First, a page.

La vida bohemia (U.S., 1938) & Verbena Trágica (U.S., 1939)

Saturday, December 2, 2017
7:30 pm - 10:15 pm, UCLA Hammer Museum - Billy Wilder Theater

Recuerdos de un cine en español: Latin American Cinema in Los Angeles

See below for additional information.


A special pass grants access to all screenings in this series!

Advance tickets for individual screenings are available online for $10.

Tickets are also available at the Billy Wilder Theater box office beginning one hour before showtime: $9, general admission; free to all UCLA students with valid ID; $8, other students, seniors and UCLA Alumni Association members with ID.


Film and Television Archive
(310) 206-8013


Additional Information

La vida bohemia (U.S., 1938) directed by Josef Berne. Produced independently by Jaime del Amo, the wealthy scion of a Spanish California family, the film was shot in a Los Angeles rental studio. Based on Scènes de la vie de bohème by Henri Murger, and the Giacomo Puccini opera, the latter without credit, the film sticks close to its sources: the young, tubercular seamstress, Mimi, falls in love with the impoverished playwright, Rodolfo, but poverty takes its toll on their relationship. When Mimi meets a wealthy suitor, Viscount Paul, to ask him for financial help, Rodolfo dumps her. Although shot on a very low budget, Frank Paul Sylos’ art direction, John Alton’s atmospheric lighting, and Josef Berne’s steady direction make this film look much more expensive. Alton, known for his many Argentine and American film noirs, considered it his favorite film. Unfortunately, the film’s literary pedigree made it less acceptable to working-class Mexican-American audiences.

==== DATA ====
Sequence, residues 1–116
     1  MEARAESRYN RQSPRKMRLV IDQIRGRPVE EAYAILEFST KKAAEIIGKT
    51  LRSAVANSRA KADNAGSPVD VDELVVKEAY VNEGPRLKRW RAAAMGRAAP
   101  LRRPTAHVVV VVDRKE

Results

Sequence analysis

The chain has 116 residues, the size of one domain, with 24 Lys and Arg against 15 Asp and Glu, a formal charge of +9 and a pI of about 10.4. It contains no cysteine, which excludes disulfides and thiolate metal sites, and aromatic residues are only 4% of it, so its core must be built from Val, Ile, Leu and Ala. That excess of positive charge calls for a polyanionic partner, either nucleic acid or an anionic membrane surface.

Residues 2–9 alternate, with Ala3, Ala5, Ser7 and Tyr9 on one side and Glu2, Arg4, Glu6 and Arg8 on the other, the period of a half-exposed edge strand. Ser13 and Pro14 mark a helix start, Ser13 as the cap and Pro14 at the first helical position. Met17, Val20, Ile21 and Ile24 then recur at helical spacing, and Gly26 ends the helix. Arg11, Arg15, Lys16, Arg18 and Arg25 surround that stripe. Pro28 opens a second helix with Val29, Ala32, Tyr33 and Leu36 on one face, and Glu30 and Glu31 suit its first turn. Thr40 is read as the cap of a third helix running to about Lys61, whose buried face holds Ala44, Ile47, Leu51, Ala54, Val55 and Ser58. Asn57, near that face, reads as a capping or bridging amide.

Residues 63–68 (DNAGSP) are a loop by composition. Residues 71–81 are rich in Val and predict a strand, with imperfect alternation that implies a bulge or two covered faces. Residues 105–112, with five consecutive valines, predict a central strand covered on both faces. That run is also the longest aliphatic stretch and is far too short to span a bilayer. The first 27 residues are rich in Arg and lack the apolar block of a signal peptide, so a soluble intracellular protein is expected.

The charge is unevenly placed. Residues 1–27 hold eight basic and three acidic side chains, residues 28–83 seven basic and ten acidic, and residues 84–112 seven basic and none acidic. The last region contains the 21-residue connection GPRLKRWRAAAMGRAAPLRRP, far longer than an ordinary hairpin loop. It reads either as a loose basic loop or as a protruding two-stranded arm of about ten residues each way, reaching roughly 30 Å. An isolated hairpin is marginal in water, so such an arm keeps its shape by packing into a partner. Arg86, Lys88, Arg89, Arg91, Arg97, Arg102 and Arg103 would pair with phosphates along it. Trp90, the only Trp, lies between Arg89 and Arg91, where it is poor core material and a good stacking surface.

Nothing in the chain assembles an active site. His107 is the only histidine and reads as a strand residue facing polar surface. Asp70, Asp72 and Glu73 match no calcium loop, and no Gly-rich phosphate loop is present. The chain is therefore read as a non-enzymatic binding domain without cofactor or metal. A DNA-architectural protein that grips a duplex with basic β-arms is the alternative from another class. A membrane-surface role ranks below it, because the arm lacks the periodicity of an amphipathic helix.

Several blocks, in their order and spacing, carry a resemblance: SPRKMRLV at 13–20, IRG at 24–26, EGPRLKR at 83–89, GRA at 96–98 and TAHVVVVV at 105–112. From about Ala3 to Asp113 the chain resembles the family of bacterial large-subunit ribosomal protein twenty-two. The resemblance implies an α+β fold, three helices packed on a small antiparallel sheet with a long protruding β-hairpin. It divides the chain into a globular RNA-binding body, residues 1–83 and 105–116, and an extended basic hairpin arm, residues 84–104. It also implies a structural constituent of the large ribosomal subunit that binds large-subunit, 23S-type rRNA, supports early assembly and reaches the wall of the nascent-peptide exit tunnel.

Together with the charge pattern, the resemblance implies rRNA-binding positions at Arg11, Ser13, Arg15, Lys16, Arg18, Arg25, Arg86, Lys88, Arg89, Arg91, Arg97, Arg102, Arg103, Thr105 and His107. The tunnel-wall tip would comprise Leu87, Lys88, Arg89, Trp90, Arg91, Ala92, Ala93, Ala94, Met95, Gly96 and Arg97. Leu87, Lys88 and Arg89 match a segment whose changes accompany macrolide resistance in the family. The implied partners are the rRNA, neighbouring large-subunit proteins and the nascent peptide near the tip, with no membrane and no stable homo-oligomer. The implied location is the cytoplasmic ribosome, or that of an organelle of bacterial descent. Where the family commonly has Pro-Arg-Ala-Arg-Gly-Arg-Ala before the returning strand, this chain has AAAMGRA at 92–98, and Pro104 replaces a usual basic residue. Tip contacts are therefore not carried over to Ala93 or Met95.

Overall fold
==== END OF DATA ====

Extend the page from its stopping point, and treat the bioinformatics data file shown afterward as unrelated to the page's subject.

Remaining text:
Followed by Verbena Trágica (U.S., 1939) directed by Charles Lamont. Cantabria’s second independent production was very successful in the cinemas of L.A.’s Mexican neighborhoods, although the narrative actually takes place in Spanish Harlem in New York City. On the eve of Columbus Day celebrations, the boxer Mateo returns home from a stint in prison and realizes that his wife is pregnant, and he can’t be the father. His wife Blanca has in fact been having a secret affair with her sister Lola’s fiancé, Claudio. Mateo confronts his wife, but she refuses to name the father, leading to tragic results. Produced at the Grand National Studios, the film stars Fernando Soler, the Mexican actor playing against type, which earned him kudos from the Spanish-language press. Other actors come from Spain, Puerto Rico, Cuba and the Philippines, making Verbena trágica an ode to New York’s multi-ethnic Latin community.

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